All season the Minnesota Twins have relied on big hits from their third baseman, and he came through again.
No, it wasn't Miguel Sano this time.
With Joe Mauer out for the second straight game with back spasms and Sano playing first base, Eduardo Escobar highlighted a six-run third inning with a two-run triple as the Twins beat the Baltimore Orioles 6-4.
Escobar is now hitting .371 since June 4 and .431 in his last 13 home games, compelling the Twins to find a way to get his bat in the lineup.
"The regular playing time, for various reasons he's taken advantage," said Twins manager Paul Molitor, "and he's been a big contributor offensively for us."
Escobar's triple followed an RBI single from Sano and a two-run single from Max Kepler and gave the Twins a 5-2 lead after they had fallen behind in the second inning on Mark Trumbo's two-run homer.
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The line drive from Escobar caromed off the corner of the right-field scoreboard and bounced away from Seth Smith, bringing the crowd to its feet as Escobar chugged for third.
"If I would have known I hit the ball that well to where it got away from him, of course it would have been an inside-the-park home run," Escobar said through a translator.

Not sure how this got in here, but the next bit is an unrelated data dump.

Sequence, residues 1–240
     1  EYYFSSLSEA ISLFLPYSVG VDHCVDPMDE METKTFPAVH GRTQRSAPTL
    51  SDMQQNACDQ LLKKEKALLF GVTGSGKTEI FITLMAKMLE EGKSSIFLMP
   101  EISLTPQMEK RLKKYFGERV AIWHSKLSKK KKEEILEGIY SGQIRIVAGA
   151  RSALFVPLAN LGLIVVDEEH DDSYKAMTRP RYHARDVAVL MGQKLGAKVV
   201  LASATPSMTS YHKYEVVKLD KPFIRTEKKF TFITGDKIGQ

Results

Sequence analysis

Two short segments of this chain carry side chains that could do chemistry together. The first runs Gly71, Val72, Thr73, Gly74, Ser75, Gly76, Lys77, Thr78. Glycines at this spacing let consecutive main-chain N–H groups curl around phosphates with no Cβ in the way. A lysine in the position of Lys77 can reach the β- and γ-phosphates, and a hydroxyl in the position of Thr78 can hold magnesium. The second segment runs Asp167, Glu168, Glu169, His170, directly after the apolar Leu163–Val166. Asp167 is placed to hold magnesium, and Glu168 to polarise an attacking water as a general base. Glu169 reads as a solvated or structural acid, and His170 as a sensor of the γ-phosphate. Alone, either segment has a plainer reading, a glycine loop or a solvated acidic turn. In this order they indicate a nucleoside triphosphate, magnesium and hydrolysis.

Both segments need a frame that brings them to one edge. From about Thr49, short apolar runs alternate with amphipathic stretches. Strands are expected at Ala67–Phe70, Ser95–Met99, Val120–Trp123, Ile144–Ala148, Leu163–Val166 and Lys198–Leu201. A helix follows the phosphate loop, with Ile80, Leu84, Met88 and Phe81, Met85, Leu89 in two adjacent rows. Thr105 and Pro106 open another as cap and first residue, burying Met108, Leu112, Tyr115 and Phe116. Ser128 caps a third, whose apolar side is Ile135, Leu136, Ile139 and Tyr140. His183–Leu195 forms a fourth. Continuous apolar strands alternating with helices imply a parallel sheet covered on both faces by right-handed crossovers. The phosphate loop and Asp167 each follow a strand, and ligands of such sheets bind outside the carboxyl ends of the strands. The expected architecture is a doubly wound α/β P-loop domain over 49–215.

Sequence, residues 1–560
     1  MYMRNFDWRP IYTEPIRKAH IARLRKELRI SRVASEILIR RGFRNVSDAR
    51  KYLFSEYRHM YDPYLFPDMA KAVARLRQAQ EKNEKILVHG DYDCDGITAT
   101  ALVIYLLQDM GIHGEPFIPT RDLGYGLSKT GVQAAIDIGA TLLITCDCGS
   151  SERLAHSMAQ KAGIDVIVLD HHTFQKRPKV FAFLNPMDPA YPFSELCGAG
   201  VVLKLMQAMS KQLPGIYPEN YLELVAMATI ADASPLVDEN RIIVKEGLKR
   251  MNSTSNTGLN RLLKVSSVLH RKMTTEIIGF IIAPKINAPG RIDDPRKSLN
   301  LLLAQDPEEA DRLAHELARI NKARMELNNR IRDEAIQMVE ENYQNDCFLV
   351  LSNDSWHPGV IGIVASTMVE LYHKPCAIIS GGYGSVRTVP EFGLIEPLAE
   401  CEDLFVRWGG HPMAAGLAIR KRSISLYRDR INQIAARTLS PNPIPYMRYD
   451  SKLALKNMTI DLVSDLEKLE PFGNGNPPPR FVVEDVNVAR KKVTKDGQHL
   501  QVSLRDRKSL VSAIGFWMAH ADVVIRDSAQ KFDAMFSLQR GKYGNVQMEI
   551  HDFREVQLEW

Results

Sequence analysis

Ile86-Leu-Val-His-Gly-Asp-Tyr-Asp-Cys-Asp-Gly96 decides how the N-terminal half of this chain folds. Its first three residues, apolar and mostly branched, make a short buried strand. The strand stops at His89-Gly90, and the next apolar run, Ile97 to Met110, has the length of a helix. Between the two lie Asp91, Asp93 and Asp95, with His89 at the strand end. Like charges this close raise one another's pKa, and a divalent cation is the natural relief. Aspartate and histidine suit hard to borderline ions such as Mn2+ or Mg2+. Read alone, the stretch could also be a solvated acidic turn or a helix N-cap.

Jorge Polanco capped the big inning with an RBI groundout off starter Dylan Bundy (8-8), whose six runs allowed tied his season high.
Jose Berrios (8-2) gave up four runs and seven hits in six innings. Tyler Duffey, Taylor Rogers and Brandon Kintzler each pitched a scoreless inning with Kintzler getting his 23rd save.
Berrios worked with men on base most of the night but limited the damage nicely after Trumbo's homer. The Orioles slugger was up again in the third with the bases loaded but grounded out to short to end the inning.
Baltimore also had the bases loaded in the seventh against Duffey, but Trey Mancini grounded out to short, stranding three of the Orioles' 10 men left on base in the game.
Mancini made a mistake in the Twins' six-run inning when he tried to force Byron Buxton out at second base instead of taking the easy out at first. The miscue loaded the bases with the 3-4-5 hitters coming up.
"It's just a poor decision on our part," Orioles manager Buck Showalter said. "Just go to first base and take the out."
With the loss, Baltimore dropped to a season-worst five games below .500. They've lost five straight against Minnesota and four straight overall.
"We've been playing lousy, and no one's going to give you any room to breathe," said Trumbo, "so we better get with the program."